The first scenario was what caused the Havertz goal, two of City’s defenders got sucked in by the run of Timo Werner, who was causing a lot of havoc on transition. This meant a gap was created by the hole left by Dias and Zinchenko was a step behind Havertz who eventually got in behind the city defence to put it past Ederson. As you can see in the image, as many as three city players are around the ball handler Mount and the decoy run of Werner, leaving the gap between the center back and the left back exposed. The gap allowed Mount to easily thread the ball through to Havertz

Now let’s look at this differently using Pep’s usual defensive shape since he changed the formation earlier in the season; there would be two bodies in the middle of the park in addition to the three defenders in transition. So if a situation like this came about where someone had to track Werner’s run, it would be a midfielder and not Dias vacating his post in defence. This would mean City would have the extra body to cut out the pass or at least delay it enough before it got into the path of Havertz.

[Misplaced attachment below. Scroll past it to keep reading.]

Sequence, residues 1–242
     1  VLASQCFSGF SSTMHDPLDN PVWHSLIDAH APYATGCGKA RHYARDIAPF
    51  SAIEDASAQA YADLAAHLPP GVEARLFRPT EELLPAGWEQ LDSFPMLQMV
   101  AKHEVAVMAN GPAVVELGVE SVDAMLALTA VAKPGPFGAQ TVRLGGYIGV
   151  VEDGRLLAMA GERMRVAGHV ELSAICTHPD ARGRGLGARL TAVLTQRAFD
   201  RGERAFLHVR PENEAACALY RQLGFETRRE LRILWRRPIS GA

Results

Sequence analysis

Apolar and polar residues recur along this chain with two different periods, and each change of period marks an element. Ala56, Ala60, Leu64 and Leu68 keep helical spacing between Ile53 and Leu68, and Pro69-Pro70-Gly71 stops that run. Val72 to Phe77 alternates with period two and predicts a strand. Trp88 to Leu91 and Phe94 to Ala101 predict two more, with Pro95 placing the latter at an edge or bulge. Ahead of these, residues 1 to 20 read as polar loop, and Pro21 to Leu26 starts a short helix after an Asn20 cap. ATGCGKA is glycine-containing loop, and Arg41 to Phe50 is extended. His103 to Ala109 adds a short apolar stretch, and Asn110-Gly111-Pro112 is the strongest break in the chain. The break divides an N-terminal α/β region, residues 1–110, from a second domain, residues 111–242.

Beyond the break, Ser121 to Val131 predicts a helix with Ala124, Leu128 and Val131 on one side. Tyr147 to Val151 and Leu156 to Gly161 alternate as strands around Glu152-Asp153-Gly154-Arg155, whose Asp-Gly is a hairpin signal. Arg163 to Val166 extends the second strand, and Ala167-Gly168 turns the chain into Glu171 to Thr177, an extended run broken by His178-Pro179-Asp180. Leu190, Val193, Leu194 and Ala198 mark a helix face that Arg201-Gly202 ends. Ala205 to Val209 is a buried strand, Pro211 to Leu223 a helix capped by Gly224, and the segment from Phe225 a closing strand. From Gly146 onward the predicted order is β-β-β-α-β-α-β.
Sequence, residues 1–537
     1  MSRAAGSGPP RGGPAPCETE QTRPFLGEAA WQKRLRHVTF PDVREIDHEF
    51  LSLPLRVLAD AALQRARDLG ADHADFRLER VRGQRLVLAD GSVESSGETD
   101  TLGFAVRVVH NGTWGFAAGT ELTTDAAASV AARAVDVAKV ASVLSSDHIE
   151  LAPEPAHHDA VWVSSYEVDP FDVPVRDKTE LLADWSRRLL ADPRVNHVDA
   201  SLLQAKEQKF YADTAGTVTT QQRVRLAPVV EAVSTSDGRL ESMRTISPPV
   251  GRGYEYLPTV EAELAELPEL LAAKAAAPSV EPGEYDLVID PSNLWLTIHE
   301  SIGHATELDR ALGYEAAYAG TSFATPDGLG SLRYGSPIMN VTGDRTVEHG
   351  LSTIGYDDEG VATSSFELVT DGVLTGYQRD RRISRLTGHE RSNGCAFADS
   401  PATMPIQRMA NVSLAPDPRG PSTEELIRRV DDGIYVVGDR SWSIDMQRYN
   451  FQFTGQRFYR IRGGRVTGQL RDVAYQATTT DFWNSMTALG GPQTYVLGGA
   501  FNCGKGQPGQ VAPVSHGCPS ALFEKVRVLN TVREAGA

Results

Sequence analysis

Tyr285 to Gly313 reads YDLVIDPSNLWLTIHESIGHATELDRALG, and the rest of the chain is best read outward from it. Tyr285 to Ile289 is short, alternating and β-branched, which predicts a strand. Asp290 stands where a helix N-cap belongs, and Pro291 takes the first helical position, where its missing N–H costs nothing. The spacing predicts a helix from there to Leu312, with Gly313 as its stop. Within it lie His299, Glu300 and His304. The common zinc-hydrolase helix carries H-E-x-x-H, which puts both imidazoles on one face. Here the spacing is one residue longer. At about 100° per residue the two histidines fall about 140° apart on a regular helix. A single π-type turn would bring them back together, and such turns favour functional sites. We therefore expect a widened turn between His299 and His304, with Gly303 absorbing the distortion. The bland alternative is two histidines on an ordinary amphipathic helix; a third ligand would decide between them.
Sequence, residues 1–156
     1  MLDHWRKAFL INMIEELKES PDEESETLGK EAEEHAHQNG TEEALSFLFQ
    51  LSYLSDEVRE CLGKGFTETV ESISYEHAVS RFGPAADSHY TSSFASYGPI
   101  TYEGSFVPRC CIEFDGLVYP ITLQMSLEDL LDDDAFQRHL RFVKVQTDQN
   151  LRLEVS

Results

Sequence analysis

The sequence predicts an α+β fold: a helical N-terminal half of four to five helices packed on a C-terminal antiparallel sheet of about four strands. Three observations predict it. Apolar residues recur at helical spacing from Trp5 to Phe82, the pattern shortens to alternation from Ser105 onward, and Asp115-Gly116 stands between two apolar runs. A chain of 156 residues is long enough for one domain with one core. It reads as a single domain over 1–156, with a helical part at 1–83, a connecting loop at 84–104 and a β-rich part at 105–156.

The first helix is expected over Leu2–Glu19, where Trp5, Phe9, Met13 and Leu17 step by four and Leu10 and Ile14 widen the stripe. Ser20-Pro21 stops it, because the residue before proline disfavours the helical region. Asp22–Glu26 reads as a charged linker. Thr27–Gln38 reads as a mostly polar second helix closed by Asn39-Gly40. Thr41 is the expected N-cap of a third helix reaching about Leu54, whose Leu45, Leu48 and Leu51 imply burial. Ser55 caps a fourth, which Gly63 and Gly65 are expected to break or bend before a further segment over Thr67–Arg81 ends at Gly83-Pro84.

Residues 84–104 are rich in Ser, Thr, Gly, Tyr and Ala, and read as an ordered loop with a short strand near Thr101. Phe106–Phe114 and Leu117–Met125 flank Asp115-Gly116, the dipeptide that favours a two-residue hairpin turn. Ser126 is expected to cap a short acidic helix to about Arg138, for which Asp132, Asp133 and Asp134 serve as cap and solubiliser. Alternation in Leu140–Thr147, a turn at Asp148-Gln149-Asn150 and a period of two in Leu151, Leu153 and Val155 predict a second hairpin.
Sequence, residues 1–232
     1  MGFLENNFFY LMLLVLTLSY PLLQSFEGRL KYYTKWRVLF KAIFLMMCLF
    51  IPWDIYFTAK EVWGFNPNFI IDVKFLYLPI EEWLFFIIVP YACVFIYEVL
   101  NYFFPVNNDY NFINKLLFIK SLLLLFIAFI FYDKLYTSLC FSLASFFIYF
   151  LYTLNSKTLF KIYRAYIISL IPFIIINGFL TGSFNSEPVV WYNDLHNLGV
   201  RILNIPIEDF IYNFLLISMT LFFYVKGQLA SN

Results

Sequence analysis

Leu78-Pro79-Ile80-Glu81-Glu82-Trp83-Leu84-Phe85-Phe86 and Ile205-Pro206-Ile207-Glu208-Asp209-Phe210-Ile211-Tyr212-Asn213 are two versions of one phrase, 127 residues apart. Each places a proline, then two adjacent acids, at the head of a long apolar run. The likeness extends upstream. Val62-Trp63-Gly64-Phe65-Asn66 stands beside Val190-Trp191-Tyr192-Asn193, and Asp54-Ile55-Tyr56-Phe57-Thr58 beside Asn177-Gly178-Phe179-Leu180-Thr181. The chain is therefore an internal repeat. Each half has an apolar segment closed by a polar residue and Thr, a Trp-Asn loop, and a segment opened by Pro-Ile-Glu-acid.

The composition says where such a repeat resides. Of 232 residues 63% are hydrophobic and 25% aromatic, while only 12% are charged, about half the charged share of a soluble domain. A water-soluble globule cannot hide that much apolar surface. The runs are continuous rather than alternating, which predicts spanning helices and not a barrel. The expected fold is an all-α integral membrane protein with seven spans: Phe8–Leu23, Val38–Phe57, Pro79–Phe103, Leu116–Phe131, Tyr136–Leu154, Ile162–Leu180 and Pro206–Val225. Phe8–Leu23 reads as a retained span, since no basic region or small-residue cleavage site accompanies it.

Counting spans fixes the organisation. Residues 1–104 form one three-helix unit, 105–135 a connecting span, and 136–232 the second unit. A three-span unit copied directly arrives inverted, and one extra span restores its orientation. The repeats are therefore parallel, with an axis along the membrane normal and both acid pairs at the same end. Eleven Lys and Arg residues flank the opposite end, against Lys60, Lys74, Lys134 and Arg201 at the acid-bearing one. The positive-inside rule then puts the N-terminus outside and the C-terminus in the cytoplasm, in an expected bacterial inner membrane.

Chelsea nullifying City’s wing play

Throughout the game you could see that Chelsea’s wing backs were told to be very aggressive against Sterling and Mahrez. Chilwell in particular stuck very tight to the Algerian and barely gave him space to move. City were unable to overload the wide areas too with Mount and Kante doing an incredible job to cut off any passes into central areas and as a result both wingers often passed it backwards anytime they got stuck. Bernardo Silva on the inside right and Zinchenko inside left had little to no means of combining with their wingers and thus anytime City moved the ball to wide areas the move quickly died.

This could have been resolved by shifting Foden who is much better at taking his man on to the left, and pushing Sterling, who has much better movement in behind to the false 9 position. This could have worked, as early in the game Sterling almost scored from a long ball after he got in between James and Azpilicueta but his first touch was too poor in that scenario.

Pep Guardiola truly had zero solutions to Chelsea’s deep block; they could not penetrate it with passing or find their players in space in between the lines. Their usual method of beating the fullback 1v1 and cutting the ball back across goal also failed as Reece James and Chilwell did not give Sterling and Mahrez any space to run into.